Monthly Archives: April 2018

Welfare, Just the Facts, Ma’am

New Orleans     Trump’s aides in trying to explain the president’s feelings about cutting away more of what is left of the safety net including food stamps and housing subsidies as well as his support for work requirements on those programs and Medicaid say that he calls them all “welfare,” a word that he sees as pejorative.  When the poor are nothing more than politics regardless of the policy, it’s worth remembering the true facts found on the ground.

Recently Professor Fred Brooks of the Georgia State University School of Social Work shared with me the results of a multi-city survey of welfare recipients in Georgia done in conjunction with the department of welfare there trying to understand their program’s impact on recipients.  His summary conclusions are valuable to share in these polarized times when facts are constantly in a fight with ideology.

Brooks summarizes four basic conclusions from his team’s survey:

  • They found most families remained poor even with employment. Although 60 percent of TANF leavers were employed in some fashion, average hourly wages were very modest. Of families with the parent employed, 52 percent remained below the federal poverty level.
  • Poverty rates fell dramatically when all forms of income and safety net benefits, such as food stamps and Section 8 housing vouchers, were counted as income. Calculated this way, the percentage of the Georgia sample in poverty fell from 52 percent to 36 percent.
  • It was common in their survey of people who had left welfare to hear stories of “wage theft.”
  • Debt turned out to be a huge issue.Often politicians refuse to think about this, so quoting from Brooks’ conclusion more fully might be helpful as he writes: “The average participant had $18,709 in debts. This exceeded the average yearly employment income, which was $17,814. Of the sample, 51 percent had an average of $23,276 in student loan debt, though only 8 percent obtained college degrees. Among study participants, 38 percent had medical debt averaging $4,179. This finding is not surprising because 29 percent of the adults in the sample had no health insurance.”

Everything in Brooks’ Georgia survey of recipient and those who had left welfare indicated that the safety net was often the thin line of survival for many.

Welfare is no crutch.  It’s a lifeline.

We need to change “welfare as we know it” in President Clinton’s famous line.  We need widespread expansions of the safety net, increases in wages, accessible and affordable childcare, housing, and other programs if we really want families to be self-sufficient.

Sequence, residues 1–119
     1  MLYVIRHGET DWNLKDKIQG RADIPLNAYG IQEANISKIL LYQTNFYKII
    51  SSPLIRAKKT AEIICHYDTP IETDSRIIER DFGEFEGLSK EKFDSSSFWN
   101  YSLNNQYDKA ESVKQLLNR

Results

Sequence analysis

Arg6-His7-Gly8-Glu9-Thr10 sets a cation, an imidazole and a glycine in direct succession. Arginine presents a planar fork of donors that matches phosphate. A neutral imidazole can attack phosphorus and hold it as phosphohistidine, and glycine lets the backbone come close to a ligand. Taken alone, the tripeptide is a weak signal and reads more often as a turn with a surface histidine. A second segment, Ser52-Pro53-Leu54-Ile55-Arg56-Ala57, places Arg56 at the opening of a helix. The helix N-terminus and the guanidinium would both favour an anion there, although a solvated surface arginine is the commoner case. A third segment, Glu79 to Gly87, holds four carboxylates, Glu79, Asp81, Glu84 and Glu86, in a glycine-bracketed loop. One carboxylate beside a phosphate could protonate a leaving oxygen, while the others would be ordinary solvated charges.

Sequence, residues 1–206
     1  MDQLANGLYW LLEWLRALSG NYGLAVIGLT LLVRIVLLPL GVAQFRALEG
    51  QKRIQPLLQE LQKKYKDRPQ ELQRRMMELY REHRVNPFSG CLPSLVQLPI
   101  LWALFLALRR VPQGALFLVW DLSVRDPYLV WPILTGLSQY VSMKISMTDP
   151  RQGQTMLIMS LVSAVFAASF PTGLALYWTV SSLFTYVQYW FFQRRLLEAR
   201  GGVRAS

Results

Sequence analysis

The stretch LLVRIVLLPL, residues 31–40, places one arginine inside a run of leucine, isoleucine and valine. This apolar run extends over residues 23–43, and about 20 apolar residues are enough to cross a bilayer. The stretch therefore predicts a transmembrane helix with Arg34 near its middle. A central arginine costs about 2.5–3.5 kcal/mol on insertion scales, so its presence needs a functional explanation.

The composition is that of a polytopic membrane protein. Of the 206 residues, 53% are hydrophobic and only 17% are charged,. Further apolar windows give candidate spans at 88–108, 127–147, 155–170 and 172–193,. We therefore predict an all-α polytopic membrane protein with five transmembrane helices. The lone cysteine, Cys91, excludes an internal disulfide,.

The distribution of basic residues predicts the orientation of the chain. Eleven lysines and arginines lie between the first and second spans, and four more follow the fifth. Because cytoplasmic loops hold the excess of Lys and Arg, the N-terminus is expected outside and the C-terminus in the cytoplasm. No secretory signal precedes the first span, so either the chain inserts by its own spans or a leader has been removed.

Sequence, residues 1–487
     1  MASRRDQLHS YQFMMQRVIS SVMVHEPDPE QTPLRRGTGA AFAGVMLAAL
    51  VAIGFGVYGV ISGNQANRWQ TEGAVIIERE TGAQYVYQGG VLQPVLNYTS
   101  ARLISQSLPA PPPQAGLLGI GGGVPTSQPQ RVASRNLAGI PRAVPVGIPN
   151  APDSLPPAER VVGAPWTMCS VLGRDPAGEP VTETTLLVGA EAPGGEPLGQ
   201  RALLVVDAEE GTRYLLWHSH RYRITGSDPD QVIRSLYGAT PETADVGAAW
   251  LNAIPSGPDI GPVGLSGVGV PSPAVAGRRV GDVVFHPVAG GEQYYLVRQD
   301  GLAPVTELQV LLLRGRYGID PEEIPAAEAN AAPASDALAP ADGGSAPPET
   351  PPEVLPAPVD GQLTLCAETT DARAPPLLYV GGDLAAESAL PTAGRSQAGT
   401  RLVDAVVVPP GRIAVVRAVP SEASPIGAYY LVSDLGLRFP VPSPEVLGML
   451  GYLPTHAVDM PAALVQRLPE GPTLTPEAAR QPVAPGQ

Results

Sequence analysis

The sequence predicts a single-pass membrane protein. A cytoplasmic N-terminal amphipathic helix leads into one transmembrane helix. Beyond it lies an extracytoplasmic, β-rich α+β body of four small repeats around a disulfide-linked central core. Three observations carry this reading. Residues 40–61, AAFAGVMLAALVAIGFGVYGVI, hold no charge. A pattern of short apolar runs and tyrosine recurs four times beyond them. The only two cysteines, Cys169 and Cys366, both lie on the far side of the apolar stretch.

That’s the facts whether politicians like hearing them or not.


Taking Class to Class

St. Petersburg       While talking to former ACORN organizers and canvassers, long departed staff, and regular folks with sundry ideas and aspirations after the Sunscreen Film Festival in St. Petersburg, Florida where THE ORGANIZER had shown, thoughts kept rattling in the back of my mind from my radio interview on Wade’s World with Betsy Leondar-Wright, her description of her organization, and her observations on the way class works in groups of activists.  Partly, it was on my mind because, despite the fact that the crowd tended older, it was Florida after all, people were coming from all sorts of backgrounds but still were scheming about change and anxious to be troops not just in a resistance but marchers in a victory parade no matter how delayed.

Leondar-Wright’s nonprofit is called Class Action, which sounds like a lawsuit, but is anything but that.   Although I had read her earlier book, Missing Class, which in another clever play on words since it is not about oversleeping for an exam or missing the bus on the way to school but is actually about how social movements don’t fully appreciate in their work and interactions how class impacts the contributions and chemistry of various activist groups, I was not really familiar with the work of Class Action.   Leondar-Wright and her associates work largely in Northeastern states with higher educational institutions who are struggling by all accounts to diversity their student populations economically.

This is hard work, and the record is dismal, so it is somewhat reassuring that some of these institutions are asking for help.  In recent years soaring levels of inequality have become too obvious to ignore and studies have proliferated establishing that wealth homogeneity is encrusting class differences in no small part because of the recruitment procedures.  Recent published reports indicate that after years of claims by elite universities, no progress is being made in diversifying student populations through admission of qualified lower-income students.  Much of this issue turns out to be patterns of outreach that privilege private schools and upper middle income public school districts where these schools have had earlier success.  Not surprisingly, as their recruiters keep going back to the same wells over and over, they are going to pull up water that tastes the same from those buckets.

Class Action seems to not focus on the critical recruitment side, but on how to recognize class differences within student populations and build support systems that allow these recruits to succeed, which is also important.  They do on the ground workshops in various universities and advocate for critical changes in these areas whether using need blind financial or on campus support.  They meet annually to assess their progress.

It was encouraging to hear from Leondar-Wright that work is being done upstream to help retain qualified students from lower income backgrounds.  At the same time as we have learned in dealing with racial, ethnic and gender diversity issues in higher education, until the work is done downstream by broadening and supporting changes in recruitment, this will never be a battle won.